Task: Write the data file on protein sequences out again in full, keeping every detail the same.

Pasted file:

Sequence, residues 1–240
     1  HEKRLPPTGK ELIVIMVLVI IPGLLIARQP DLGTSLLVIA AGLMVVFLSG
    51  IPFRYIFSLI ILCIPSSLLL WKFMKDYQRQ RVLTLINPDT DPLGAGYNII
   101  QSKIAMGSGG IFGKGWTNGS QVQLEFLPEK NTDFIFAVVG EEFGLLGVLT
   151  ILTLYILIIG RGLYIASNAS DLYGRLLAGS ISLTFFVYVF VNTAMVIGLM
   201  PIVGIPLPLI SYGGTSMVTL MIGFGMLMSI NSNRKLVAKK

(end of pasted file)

Sequence, residues 1–240
     1  HEKRLPPTGK ELIVIMVLVI IPGLLIARQP DLGTSLLVIA AGLMVVFLSG
    51  IPFRYIFSLI ILCIPSSLLL WKFMKDYQRQ RVLTLINPDT DPLGAGYNII
   101  QSKIAMGSGG IFGKGWTNGS QVQLEFLPEK NTDFIFAVVG EEFGLLGVLT
   151  ILTLYILIIG RGLYIASNAS DLYGRLLAGS ISLTFFVYVF VNTAMVIGLM
   201  PIVGIPLPLI SYGGTSMVTL MIGFGMLMSI NSNRKLVAKK